Must Love Dogs

"Very Good"

Must Love Dogs Review


Hollywood overexposes young starlets, from Lindsay Lohan to Scarlett Johansson, and puts distinguished veterans on pedestals. Yet the industry has no idea how to handle an actress once she reaches her late thirties or forties. Lacking suitable offers for mainstream parts, these talented ladies either pour their fortunes into vanity projects (Salma Hayek in Frida), turn to lower-budget independent fare (Holly Hunter in Thirteen), or dabble in primetime television (The Shield lures Glenn Close, and Teri Hatcher is reborn as a Desperate housewife).

A recent trend finds older but still attractive actresses downheartedly treading water in the dating pool for the benefit of a far-fetched plot. Heather Locklear played a flighty single mom unlucky in love for Hilary Duff's The Perfect Man. Now Oscar-nominee Diane Lane is taking her turn in the barrel with improved results.

Eight months after her bitter divorce, Sarah (Lane) sifts through her large Irish family's misguided matchmaking attempts and wonders aloud if she'll ever find love again. With unsolicited assistance from her older sister, Carol (Elizabeth Perkins), Sarah posts a profile to an Internet dating website and enters a steady stream of social disasters. Two suitors gradually rise to the surface: smarmy but outwardly nice Bob (played by smarmy Dermot Mulroney), and intense but ultimately decent Jake (John Cusack).

Writer/director Gary David Goldberg, a sitcom scribe with M*A*S*H and The Bob Newhart Show on his resume, mines a Claire Cook novel for small, steady, and consistent laughs. His breezy and light charmer is sentimental and blessed with a heart. Dogs also makes some soft comments on cyber dating through Stockard Channing. Initially interested in Sarah's father (the smooth Christopher Plummer), she gets caught in a pinch after fudging the facts on her own dating profile.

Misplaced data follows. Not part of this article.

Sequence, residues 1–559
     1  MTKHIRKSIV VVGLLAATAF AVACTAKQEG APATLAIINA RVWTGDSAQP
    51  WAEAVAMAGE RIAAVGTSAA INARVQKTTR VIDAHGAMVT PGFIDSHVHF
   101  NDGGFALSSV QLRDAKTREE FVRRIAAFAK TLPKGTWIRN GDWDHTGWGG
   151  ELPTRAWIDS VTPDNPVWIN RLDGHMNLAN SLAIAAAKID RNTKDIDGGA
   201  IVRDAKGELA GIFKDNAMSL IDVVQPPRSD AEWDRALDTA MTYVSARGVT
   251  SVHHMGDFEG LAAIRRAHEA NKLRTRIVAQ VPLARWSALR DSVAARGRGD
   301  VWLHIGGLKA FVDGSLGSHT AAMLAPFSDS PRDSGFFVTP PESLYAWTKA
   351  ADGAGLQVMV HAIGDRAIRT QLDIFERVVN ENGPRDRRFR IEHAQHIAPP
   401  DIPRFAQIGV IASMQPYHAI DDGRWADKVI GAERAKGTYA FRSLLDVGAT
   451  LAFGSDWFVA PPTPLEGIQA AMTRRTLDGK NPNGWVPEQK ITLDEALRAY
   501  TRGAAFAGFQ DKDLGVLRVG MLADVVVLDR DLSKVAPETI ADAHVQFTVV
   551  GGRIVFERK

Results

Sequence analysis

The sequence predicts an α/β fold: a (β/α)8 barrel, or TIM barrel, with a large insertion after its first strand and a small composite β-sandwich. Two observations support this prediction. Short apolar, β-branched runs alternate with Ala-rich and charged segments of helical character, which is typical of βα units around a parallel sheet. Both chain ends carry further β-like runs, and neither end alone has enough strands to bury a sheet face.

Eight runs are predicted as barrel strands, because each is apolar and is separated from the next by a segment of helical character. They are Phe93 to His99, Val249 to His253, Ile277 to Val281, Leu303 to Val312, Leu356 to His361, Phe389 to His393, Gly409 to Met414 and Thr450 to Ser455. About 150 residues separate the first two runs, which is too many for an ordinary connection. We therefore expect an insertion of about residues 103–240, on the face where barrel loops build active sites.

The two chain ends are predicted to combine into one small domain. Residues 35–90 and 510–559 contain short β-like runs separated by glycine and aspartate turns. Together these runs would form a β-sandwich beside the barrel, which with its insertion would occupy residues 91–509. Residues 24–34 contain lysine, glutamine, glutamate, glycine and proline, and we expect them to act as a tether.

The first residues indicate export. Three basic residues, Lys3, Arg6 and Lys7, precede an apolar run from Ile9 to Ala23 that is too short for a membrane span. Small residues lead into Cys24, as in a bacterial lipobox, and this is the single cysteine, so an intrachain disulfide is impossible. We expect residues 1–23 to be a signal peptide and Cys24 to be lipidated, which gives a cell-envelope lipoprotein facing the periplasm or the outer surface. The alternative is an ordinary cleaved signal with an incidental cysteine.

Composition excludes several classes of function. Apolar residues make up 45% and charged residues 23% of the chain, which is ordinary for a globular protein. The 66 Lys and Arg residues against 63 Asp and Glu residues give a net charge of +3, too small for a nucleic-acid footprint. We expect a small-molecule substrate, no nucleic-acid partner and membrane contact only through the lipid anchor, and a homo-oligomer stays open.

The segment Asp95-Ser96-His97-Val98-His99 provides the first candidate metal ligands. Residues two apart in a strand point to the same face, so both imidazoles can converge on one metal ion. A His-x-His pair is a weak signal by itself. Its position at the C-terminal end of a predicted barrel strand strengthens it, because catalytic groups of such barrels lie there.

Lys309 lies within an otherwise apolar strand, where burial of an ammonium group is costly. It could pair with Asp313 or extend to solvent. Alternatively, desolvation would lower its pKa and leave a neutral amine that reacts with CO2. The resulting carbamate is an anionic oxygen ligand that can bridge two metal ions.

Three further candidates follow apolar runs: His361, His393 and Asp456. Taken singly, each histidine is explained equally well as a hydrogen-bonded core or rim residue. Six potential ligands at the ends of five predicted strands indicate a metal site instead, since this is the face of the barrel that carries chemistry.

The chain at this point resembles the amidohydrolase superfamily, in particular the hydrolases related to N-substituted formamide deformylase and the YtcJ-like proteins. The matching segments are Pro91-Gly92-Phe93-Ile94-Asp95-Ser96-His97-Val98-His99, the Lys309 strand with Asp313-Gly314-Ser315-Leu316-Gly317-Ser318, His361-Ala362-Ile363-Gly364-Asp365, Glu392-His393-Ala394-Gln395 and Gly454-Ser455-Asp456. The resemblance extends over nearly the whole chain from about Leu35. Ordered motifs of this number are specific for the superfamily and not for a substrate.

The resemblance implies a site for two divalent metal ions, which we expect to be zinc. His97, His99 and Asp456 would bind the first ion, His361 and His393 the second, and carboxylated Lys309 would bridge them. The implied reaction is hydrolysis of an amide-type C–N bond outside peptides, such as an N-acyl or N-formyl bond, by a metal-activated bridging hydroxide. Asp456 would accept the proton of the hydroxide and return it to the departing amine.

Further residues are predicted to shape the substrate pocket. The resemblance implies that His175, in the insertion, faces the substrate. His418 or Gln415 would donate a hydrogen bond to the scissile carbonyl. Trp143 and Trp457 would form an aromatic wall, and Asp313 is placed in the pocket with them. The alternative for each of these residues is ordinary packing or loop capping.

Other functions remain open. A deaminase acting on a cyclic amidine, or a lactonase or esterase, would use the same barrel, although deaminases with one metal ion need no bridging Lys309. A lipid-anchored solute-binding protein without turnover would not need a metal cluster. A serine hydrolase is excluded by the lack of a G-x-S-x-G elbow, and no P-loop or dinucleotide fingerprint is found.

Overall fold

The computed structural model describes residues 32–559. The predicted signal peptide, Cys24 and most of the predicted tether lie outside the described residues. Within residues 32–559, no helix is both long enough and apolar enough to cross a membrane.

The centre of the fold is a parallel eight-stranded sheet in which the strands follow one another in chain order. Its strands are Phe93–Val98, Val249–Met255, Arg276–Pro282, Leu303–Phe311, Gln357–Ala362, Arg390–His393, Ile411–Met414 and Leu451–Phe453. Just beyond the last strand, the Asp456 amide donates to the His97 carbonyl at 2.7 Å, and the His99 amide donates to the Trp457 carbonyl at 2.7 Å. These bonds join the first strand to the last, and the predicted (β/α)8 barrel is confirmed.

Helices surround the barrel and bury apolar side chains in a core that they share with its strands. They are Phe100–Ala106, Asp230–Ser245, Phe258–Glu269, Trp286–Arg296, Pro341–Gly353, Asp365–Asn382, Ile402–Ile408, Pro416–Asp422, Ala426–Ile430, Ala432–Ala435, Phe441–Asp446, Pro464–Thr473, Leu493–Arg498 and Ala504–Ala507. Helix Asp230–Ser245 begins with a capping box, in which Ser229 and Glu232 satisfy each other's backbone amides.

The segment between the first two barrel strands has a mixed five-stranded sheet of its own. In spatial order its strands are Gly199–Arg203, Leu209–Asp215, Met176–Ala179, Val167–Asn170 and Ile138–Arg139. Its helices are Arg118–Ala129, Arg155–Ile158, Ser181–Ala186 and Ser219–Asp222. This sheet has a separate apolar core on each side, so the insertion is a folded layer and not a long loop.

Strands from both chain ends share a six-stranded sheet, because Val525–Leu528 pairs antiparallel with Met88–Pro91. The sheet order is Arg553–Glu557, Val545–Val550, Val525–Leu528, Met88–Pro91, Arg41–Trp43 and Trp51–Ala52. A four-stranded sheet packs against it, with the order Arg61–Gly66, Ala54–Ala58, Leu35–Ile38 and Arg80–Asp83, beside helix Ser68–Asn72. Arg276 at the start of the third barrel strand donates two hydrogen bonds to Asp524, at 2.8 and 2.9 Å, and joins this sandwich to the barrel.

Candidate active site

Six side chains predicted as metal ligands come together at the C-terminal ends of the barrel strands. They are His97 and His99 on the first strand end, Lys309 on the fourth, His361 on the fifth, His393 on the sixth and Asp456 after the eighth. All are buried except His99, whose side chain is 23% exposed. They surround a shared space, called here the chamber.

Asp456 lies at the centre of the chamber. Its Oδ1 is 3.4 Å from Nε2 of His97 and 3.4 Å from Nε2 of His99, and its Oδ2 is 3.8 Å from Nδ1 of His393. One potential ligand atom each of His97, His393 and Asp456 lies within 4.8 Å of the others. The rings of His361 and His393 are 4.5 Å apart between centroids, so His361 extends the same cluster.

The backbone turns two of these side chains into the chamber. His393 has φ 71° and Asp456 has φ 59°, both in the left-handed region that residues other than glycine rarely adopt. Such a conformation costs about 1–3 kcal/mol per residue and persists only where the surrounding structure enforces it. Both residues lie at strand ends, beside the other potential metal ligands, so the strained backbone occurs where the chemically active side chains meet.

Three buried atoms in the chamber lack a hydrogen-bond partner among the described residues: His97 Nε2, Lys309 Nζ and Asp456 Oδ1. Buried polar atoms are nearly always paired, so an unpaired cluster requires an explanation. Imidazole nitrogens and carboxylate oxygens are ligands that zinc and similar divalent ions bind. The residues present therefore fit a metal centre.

Since they grace the poster, we know Lane and Cusack are meant to mate, though the two share a minimal chemistry that's slow to form. We almost have more fun when the main couple is apart and interacting with their supporting players. Cusack's on cruise control, not sinking to sleepwalking level but hitting his marks with the casual stride of someone who's explored this territory before. His shuffle stands out in contrast to the nimble juggling act managed by Lane.

Goldberg throws in filler for his final frames to keep his leads apart longer and prolong the inevitable. Mulroney returns, Sarah endures a few more bad blind dates, and we patiently wait. Even vehicles on autopilot eventually reach their destinations, though, and Dogs proves to be an easy ride.

Must not love dogs that much!



Must Love Dogs

Facts and Figures

Run time: 98 mins

In Theaters: Friday 29th July 2005

Box Office USA: $43.8M

Distributed by: Warner Bros. Pictures

Production compaines: Warner Bros. Pictures

Reviews

Contactmusic.com: 3.5 / 5

Rotten Tomatoes: 35%
Fresh: 51 Rotten: 95

IMDB: 5.9 / 10

Cast & Crew

Starring: as Sarah Nolan, as Jake, as Carol, as Bill, as Bob

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